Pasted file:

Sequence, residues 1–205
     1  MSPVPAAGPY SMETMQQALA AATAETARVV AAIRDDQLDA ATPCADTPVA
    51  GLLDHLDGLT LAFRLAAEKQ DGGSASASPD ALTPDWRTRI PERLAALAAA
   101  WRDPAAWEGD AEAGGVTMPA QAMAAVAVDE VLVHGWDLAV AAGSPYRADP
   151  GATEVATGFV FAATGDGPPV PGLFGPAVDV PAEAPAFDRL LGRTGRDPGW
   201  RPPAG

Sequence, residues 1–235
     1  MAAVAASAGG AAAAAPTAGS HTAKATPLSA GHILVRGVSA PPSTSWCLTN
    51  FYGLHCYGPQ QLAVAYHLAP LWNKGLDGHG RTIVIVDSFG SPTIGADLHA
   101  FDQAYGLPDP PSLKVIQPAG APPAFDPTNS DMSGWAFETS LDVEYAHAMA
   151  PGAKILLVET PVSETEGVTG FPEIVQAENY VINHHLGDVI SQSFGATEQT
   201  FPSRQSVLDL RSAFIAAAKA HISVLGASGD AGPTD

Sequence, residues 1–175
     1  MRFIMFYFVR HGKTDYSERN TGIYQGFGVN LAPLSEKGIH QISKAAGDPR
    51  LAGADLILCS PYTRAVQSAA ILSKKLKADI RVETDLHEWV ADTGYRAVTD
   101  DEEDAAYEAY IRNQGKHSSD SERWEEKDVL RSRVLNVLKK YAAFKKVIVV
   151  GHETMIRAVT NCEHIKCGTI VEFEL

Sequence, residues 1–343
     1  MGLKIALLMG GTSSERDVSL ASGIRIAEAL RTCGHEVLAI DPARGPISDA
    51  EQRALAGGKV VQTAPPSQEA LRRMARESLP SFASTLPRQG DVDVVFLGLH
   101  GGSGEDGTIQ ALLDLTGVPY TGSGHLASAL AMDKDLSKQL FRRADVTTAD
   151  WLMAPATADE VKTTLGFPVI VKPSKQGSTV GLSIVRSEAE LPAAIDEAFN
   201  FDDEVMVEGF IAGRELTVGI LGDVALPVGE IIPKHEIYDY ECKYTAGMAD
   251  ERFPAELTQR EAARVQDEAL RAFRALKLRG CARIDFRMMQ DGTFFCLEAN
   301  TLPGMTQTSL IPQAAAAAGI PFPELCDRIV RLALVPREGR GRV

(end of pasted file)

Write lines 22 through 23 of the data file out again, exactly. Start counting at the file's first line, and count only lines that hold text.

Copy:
   151  WLMAPATADE VKTTLGFPVI VKPSKQGSTV GLSIVRSEAE LPAAIDEAFN
   201  FDDEVMVEGF IAGRELTVGI LGDVALPVGE IIPKHEIYDY ECKYTAGMAD